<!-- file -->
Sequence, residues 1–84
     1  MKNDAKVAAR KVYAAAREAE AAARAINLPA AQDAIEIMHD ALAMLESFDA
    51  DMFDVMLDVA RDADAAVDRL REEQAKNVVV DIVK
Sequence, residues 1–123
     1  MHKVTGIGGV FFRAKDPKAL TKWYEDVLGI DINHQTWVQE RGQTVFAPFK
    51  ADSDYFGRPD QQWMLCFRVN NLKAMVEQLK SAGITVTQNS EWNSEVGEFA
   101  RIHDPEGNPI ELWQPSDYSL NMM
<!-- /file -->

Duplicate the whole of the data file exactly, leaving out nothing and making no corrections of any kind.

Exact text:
Sequence, residues 1–84
     1  MKNDAKVAAR KVYAAAREAE AAARAINLPA AQDAIEIMHD ALAMLESFDA
    51  DMFDVMLDVA RDADAAVDRL REEQAKNVVV DIVK
Sequence, residues 1–123
     1  MHKVTGIGGV FFRAKDPKAL TKWYEDVLGI DINHQTWVQE RGQTVFAPFK
    51  ADSDYFGRPD QQWMLCFRVN NLKAMVEQLK SAGITVTQNS EWNSEVGEFA
   101  RIHDPEGNPI ELWQPSDYSL NMM